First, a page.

Better way to minimize array elements

I would like the array elements to minimize by preserving their orders. For example:

• 3,7,9,7 is given 1,2,3,2 is yielded
• 1,99,90,95,99 is given 1,4,2,3,4 is yielded.

Think array can be ranged btw 0 to 100, exclusively. My try’s time complexity is $$\O(n^3 + n)\$$.

Can there be more efficient way to solve this?

int[] arr = new int[] {2,5,3,5}; // example input

var copy = (int[])arr.Clone();
var num = 101;
foreach(var x in arr)
{
var min = copy.Min();
for(int i = 0 ; i < arr.Length; i++)
if(min == arr[i])
{
copy[i] = num;
}
num++;
}

for (int i = 0; i < copy.Length; i++)
{
copy[i] = copy[i] % 100;
}

Indents

I've spent a minute struggling to understand that copy[i] = num; happens inside the second for loop. Please, indent the code to make it readable - you will gain from it in the first place.

Your algorithm is $$\O(n^2)\$$

First, $$\O(n^3+n) = O(n^3)\$$. $$\O(n)\$$ can be neglected because it is small compared to $$\O(n^3)\$$. Second, I don't see any third loop inside the second.

Better algo

1. Sort the copy of the array, $$\O(n*log(n))\$$.
2. Make some search structure to convert a number in a sorted array into its index (map or another array), $$\O(n)\$$.
3. Change all numbers in the first array to their indexes in sorted array, $$\O(n)\$$.

This is zero based index and the example is one based index, can add one if need to match. I didn't do timing test to see if this is faster or even look at memory consumptions. To me this reads and makes it easier to maintain. I prefer maintenance over performance unless it's needs to be performance skewed for the area of code it's in.

SortedList takes two values but we don't care about the value so just toss in a bool to make it happy. Then using the IndexOfKey method that uses a binary search. Which under the covers uses Array.BinarySearch. Could take SortedList out of the picture and use Array.BinarySearch to do similar to what SortListed is doing if having the bool value that isn't used is a deal breaker for you.

public static int[] Positions(params int[] items)
{
var sortedList = new SortedList<int, bool>(items.Length);
for (var i = 0; i < items.Length; i++)
{
}

var result = new int[items.Length];
for (var i = 0; i< items.Length; i++)
{
result[i] = sortedList.IndexOfKey(items[i]);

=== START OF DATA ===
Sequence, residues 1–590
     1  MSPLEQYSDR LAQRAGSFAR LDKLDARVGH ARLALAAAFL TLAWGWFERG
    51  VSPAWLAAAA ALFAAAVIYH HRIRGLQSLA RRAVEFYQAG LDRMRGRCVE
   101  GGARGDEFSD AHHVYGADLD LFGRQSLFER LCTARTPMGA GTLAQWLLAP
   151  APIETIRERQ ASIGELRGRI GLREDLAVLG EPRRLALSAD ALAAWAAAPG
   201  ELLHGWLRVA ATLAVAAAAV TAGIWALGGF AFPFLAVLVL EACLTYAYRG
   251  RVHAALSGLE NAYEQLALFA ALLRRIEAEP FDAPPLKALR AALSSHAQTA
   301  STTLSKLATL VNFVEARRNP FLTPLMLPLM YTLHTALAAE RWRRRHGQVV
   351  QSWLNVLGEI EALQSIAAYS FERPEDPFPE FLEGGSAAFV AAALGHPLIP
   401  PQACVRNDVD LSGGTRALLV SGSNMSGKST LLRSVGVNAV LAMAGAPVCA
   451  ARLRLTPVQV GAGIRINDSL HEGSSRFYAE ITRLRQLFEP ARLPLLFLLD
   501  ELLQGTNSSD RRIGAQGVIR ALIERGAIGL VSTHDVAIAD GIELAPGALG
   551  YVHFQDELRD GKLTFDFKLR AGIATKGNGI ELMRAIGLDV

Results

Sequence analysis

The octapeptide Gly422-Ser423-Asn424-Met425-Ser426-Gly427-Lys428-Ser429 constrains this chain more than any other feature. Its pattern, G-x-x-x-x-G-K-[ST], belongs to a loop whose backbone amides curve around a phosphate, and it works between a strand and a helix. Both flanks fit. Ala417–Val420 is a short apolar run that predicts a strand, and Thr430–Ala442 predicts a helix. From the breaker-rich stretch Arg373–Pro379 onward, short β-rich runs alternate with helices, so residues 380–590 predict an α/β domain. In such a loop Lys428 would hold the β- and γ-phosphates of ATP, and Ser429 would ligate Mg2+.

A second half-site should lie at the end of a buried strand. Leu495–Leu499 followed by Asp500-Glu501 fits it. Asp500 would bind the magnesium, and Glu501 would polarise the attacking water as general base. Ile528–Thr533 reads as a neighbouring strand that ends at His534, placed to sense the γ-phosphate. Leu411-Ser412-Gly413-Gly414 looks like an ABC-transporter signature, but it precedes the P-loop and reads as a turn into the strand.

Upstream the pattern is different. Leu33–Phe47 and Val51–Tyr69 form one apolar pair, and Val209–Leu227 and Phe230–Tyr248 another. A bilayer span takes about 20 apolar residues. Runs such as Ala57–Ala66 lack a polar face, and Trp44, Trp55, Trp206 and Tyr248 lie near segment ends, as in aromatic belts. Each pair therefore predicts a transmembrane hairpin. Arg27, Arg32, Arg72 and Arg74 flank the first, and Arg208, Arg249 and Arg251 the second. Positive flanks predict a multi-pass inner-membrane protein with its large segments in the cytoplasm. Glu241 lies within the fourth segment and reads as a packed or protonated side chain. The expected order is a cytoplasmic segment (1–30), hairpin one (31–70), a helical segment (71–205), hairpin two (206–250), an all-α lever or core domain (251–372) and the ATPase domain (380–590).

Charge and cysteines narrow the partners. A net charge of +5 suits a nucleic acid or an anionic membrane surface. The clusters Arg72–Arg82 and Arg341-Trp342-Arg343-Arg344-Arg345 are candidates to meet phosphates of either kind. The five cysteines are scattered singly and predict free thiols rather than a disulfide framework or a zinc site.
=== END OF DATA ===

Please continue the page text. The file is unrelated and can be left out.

}

return result;
}

EDIT: If you want to avoid SortedList you can do what it's doing pretty simple.

public static IEnumerable<int> Position(params int[] items)
{
var distinct = new HashSet<int>(items);
var clone = new int[distinct.Count];
distinct.CopyTo(clone);
Array.Sort(clone);
for (var i = 0; i < items.Length; i++)
{
yield return Array.BinarySearch(clone, items[i]) + 1;
}
}
• Interesting solution, Positions(arr).Select(x => x+1) fixes the final result.
– snr
Aug 9 '21 at 16:48
• You can just do 'result[i] = sortedList.IndexOfKey(items[i]) + 1;' instead of looping through again. I assumed you wanted an array back. if wanting an ienumerable you can just yield return that statement and change the method signature Aug 9 '21 at 16:58
• While SortedList (being key/value) is alienating given SortedDictionary: why not just use SortedSet? Aug 9 '21 at 16:58
• @greybeard SortedSet/SortedDictionary doesn't contain IndexOfKey Aug 9 '21 at 17:00
• @CharlesNRice it is an elegant solution. Thank you sir.
– snr
Aug 9 '21 at 17:02

Can there be more efficient way to [canonicalise values between minV and maxV in an array preserving rank]?

Yes. Let me suggest another mechanism in-stead of sorting / ordering (the latter being what most procedures with a name derived from sort do):
When the range of values maxV - minV is small, use an array about that size to

1. find which values do appear
(When keeping count of value frequencies, this can be used for ordering using value counts: counting sort.)
2. assign canonical values
3. map input values to canonical values

You can improve the complexity to O(N.Log(N)) (on average) at the expense of space by introducing an adjunct array containing the numbers 0..N-1 and sorting it at the same time as the original array.

This will yield a set of indices that you can use to populate a results array like so:

int[] arr = { 1, 99, 90, 95, 99 };
int[] tmp = Enumerable.Range(0, arr.Length).ToArray();
int[] res = new int[arr.Length];

Array.Sort(arr, tmp);
int ind = 0;

for (int i = 0; i < arr.Length; ++i)
{
if (i == 0 || arr[i] != arr[i-1])
++ind;

res[tmp[i]] = ind;
}

Console.WriteLine(string.Join(", ", res));  // 1, 4, 2, 3, 4